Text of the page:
Experts now estimate that meth abuse costs the American public approximately $23.4 billion per year, according to the most recent RAND study, including more than $4 billion in crime and criminal justice costs, nearly $1 billion in foster care for endangered children, more than $500 million in drug treatment, a third of a billion for other healthcare costs and $61 million in destroying meth labs and cleaning up toxic waste.

These are damning numbers. In the period from 2002 through 2011, an estimated 21,000 children were adversely affected by meth labs. In the same period, more than 4,000 Americans were incarcerated for meth-related murder or manslaughter. Wider public safety costs are not quantified.

So, two facts are clear. First, traditional pseudoephedrine products are getting accessed and converted to meth by both addicts and clandestine labs. We have to stop that. Second, as long as our policies remain stuck in neutral, we will continue to drift backward, kids dying because we are still using convertible pseudoephedrine products. What if we had relatively non-convertible products? Turns out, we do — and we need to use them.

Today, nobody denies that the American public should have maximum access to products that provide effective respiratory relief. We all know pseudoephedrine is widely accepted as the best of these products. At the same time, in 2005, Congress tried to stop the meth labs with the Combat Methamphetamine Epidemic Act (CMEA), which regulated pseudoephedrine, by having it kept behind the counter. While we had good intentions, this approach has not worked. Meth labs have continued to proliferate — because the precursor is easily convertible to illegal meth.

So-called Smurfing, individuals sweeping through multiple pharmacies to buy the legal limit in each, reopened the door to massive meth-lab proliferation. Thus, under current law, 3.6 grams of pseudoephedrine can be purchased for about $25, and converted into 3 grams of meth, selling on the street for more than $300. We are not winning this way. We need a new answer, since 90 percent of today’s meth labs use this “one-pot method,” placing every American at risk.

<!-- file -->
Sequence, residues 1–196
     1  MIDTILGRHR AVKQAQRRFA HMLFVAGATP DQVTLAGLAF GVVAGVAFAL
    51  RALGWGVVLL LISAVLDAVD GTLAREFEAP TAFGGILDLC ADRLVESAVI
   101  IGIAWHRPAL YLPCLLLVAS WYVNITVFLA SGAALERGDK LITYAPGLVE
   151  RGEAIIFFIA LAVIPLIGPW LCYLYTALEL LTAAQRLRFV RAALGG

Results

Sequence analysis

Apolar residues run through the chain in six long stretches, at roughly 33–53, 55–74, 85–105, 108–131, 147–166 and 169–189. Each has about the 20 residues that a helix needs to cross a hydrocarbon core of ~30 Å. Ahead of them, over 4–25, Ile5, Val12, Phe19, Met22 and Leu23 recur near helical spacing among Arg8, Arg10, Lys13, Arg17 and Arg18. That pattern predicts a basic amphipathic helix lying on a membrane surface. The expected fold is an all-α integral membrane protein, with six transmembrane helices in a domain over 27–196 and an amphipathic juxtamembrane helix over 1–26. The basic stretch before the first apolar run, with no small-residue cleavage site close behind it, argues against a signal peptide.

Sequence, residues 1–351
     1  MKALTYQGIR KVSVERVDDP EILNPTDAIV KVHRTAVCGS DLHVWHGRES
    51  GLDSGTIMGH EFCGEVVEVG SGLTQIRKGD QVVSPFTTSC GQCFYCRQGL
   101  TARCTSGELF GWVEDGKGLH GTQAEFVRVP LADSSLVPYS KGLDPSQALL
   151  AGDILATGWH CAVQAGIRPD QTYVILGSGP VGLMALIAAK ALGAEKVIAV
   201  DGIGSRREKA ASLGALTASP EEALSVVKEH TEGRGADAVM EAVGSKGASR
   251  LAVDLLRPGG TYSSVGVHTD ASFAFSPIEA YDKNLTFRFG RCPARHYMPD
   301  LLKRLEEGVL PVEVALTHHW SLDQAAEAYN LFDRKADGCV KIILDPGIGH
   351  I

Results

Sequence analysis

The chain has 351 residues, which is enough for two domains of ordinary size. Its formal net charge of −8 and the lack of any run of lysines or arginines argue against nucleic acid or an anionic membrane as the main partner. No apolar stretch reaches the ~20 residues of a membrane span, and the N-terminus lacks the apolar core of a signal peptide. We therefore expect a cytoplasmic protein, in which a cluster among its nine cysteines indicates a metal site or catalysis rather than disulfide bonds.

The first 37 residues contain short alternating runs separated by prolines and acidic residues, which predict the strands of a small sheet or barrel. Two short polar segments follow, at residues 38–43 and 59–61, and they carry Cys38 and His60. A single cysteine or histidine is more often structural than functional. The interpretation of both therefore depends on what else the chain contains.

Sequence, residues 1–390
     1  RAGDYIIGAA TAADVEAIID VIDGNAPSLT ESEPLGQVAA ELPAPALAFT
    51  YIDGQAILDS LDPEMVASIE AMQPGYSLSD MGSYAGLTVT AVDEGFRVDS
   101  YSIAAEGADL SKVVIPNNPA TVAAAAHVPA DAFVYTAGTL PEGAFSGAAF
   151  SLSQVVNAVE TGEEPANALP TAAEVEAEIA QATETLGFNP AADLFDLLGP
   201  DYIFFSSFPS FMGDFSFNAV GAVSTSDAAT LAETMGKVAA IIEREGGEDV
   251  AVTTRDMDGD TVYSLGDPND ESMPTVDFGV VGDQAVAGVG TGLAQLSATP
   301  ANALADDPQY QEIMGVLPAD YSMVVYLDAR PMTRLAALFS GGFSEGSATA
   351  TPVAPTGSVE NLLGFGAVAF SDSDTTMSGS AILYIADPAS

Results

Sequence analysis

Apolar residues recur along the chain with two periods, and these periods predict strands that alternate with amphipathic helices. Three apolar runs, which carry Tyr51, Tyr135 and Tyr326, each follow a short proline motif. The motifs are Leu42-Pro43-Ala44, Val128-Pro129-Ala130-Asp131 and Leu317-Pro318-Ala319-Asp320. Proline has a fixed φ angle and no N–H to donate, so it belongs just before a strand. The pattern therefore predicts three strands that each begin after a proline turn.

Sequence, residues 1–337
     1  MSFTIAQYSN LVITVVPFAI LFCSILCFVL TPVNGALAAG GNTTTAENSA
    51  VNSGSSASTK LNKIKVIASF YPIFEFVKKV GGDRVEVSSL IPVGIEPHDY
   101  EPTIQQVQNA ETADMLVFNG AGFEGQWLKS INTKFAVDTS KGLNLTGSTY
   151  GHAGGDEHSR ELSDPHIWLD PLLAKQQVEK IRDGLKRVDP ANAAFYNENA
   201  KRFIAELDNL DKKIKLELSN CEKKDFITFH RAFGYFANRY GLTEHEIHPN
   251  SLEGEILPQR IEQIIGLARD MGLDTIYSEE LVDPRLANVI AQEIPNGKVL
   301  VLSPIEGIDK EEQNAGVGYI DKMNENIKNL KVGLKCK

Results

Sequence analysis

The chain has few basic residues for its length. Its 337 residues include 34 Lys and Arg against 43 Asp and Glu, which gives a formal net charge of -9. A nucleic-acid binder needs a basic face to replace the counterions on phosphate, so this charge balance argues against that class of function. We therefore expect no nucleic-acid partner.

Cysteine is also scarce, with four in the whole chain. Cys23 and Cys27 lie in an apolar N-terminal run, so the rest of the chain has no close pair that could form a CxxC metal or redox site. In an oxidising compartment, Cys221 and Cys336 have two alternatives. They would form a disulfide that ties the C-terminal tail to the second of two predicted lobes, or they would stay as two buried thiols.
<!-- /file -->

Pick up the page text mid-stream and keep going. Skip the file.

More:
When CMEA was enacted, we foresaw the one-day emergence of new, innovative technologies that prevented easy extraction and conversion of pseudoephedrine from cold medications into meth. Accordingly, we granted the Drug Enforcement Administration full authority to exempt from purchase restrictions any pseudoephedrine products that might come closer, by making conversion less economical. We provided an exemption for science that made it harder for traffickers to convert it to illicit meth. DEA was empowered to use that authority to help bring science to America’s rescue.

So far, DEA has not made the shift to the less-convertible standard. It is time to do so. It is time to move forward, granting the exemption that curtails meth production from convertible pseudoephedrine and helps all Americans by embracing the new, meth-resistant versions, while also returning public access to pseudoephedrine. While some have interpreted our law as “all or nothing” — perfection or failure — no one in Congress ever meant to deny the advance of science. That was never our congressional intent.

The notion that any pseudoephedrine extraction blocks public access to this innovation contravenes not only our intent, but common sense. We can do better for our kids. Let’s get the locked options exempted and into use. The result is predictable: A dramatic improvement in public safety, reduction in meth labs and their rippling dangers to the community, less meth addiction and greater public access to an important respiratory medicine.

While DEA can do this alone, Congress is now rightly pressing the case for instant action. In a bipartisan way, Rep. Blaine Luetkemeyer, Missouri Republican, has recently introduced HR 4502 — Stop Meth Labs and Enhance Patient Access Act. That bill aims to “strike the right balance between keeping people safe and keeping people healthy,” and regrant to DEA “authority to balance the effectiveness of tamper-resistant technologies with processes currently being employed by meth manufacturers.” The bill is backed by the National Narcotics Officers’ Association, the National Sheriffs’ Association, the Major County Sheriffs’ Association and the Fraternal Order of Police. My hat is tipped to this bipartisan effort. Let’s get it done now — one way or the other.